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26 June 2019

Agroforestry needs to take another look at biodiversity, and not just the plants

Photo: Will Bolding / Unsplash

This year’s gathering of scientists, practitioners and agroforesters in Montpellier happened against the backdrop of the striking outcomes of the IPBES assessment. The landmark report on the global state of biodiversity concluded that nature and its life support systems as well as its capacity to contribute to human well-being are degrading in every region of the world.

Farming and food production hold the steering wheel of these changes. At the same time, smart and nature caring farming, like agroforestry, is often listed among biodiversity boosters. However, while agroforestry is undeniably better than monoculture, its effects on wildlife and biodiversity require more attention and exploration.

Agroforestry, an agricultural technique of growing food crops and trees on the same land, has been labeled as “the future of agriculture”. When done in harmony with local realities the method can improve soil health and carbon storage, reduce the need for fertilizers and pesticides, provide farmers with various streams of revenue and help them to be more resilient to weather extremes or pests.

Inspired by nature, agroforestry mimics the complexity of natural ecosystems while providing nutritious food (fruits, nuts and vegetables), ingredients for medicine and cosmetics, as well as timber for construction. Often, these plants also embody cultural identity and aesthetic values.

Agroforestry applications range from very simple, like rows of trees in fields of cereal crops or pastures, to very complex, such as analogue forests and homegardens that can harbor several dozen different species.

Cocoa and banana in agroforestry-system in Nigeria’s Cross River State

Photo: Torsten Krause (LUCSUS)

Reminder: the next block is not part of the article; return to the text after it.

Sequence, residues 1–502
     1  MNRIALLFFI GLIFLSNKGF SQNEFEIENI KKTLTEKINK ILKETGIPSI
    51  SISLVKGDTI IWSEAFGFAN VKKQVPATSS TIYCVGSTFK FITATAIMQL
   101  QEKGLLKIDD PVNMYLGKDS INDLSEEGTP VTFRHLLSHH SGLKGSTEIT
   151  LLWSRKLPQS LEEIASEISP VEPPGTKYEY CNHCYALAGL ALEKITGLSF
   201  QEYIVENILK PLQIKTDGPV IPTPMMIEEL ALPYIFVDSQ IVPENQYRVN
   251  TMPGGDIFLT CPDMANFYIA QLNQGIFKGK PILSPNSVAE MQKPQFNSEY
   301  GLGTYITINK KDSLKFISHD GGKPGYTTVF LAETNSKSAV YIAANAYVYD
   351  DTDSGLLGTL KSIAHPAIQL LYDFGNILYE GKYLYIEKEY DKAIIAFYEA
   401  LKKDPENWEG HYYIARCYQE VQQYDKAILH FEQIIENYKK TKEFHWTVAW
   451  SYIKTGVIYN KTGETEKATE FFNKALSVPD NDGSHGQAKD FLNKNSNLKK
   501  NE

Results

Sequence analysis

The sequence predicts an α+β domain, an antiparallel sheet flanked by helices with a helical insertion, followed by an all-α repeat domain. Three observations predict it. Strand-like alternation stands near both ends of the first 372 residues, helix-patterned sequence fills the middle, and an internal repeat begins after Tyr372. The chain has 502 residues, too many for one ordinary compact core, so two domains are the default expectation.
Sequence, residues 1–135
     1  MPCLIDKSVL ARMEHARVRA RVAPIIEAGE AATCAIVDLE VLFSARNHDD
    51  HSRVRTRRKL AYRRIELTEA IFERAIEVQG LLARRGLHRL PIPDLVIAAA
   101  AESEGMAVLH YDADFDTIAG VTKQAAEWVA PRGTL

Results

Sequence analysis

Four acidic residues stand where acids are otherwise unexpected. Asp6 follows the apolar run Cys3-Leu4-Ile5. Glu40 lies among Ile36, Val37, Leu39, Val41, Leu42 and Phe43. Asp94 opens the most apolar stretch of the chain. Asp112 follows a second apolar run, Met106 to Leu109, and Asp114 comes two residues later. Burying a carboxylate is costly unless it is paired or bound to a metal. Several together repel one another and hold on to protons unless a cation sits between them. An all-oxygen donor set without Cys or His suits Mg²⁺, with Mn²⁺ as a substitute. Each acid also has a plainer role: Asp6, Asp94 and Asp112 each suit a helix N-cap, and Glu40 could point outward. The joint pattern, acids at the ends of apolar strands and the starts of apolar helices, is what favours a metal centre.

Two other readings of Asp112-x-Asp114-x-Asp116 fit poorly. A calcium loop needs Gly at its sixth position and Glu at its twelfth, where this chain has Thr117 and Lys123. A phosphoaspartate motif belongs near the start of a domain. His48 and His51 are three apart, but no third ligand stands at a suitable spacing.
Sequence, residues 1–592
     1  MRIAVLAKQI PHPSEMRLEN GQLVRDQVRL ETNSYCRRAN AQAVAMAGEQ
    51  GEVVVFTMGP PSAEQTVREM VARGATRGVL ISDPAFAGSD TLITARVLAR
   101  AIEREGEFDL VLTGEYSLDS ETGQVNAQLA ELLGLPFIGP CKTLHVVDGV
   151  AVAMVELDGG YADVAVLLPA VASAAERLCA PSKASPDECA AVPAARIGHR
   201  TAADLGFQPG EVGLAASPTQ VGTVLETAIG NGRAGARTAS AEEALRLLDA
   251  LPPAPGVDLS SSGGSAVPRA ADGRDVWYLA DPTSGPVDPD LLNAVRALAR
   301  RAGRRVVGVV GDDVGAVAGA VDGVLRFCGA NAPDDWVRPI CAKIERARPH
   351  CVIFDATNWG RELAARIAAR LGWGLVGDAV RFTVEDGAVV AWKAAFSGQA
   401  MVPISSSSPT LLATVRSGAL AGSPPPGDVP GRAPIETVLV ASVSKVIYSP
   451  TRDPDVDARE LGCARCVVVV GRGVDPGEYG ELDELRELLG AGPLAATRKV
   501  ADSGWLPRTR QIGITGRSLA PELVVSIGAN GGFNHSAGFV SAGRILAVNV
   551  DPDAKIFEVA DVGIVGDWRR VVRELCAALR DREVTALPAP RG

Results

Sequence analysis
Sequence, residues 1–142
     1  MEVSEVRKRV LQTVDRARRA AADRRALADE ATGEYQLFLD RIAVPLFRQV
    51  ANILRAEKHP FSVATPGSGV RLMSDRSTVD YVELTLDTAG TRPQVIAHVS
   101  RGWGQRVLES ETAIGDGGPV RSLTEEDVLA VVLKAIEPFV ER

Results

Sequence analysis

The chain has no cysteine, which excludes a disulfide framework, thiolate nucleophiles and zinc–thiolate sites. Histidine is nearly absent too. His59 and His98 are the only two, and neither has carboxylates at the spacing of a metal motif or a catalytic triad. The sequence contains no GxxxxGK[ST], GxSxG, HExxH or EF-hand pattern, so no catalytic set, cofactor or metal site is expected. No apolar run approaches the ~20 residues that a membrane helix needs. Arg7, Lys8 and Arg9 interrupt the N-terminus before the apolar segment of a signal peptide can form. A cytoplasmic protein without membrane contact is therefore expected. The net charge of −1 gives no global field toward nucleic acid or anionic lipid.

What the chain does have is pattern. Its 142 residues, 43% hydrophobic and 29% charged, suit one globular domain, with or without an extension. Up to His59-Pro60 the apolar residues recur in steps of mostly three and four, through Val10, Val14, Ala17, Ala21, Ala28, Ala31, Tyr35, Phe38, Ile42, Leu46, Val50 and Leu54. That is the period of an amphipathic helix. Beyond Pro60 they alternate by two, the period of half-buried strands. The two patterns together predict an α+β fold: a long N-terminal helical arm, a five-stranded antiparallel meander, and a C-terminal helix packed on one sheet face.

The more sophisticated forms of agroforestry leverage the synergies between plants, such as shading and nitrogen fixing. It also makes more efficient use of space, creating several levels of vegetation, which can harbor many different animal species.

In other words, theoretically speaking, agroforestry farming can serve human needs and harnesses biodiversity by hosting many different species. However, to what extent does agroforestry really support the wildlife?

The answer to this question depends on several factors and is up for debate.

Firstly, even a complex agroforest is human intervention. Essentially, it alters natural environments, like old growth natural forests, in order to maximize the production of products that people need or want. Thus, plants which do not produce anything deemed valuable or useful for people, or whose presence has an impact that is considered beneficial, like nitrogen fixing or deterring potential pests, are excluded, even though these plants provide habitat for wildlife. Some farmers may even choose to exclude particular trees and plants that would attract monkeys, birds or insects for the fear of damage to their crops.

Secondly, although many of the presentations at the congress mentioned the biodiversity benefits of agroforestry, many of them used at a narrow understanding of biodiversity, mostly focusing on the flora (plants species found in agroforestry systems), soil mesofauna (e.g., small spiders) and soil macrofauna (e.g., earthworms).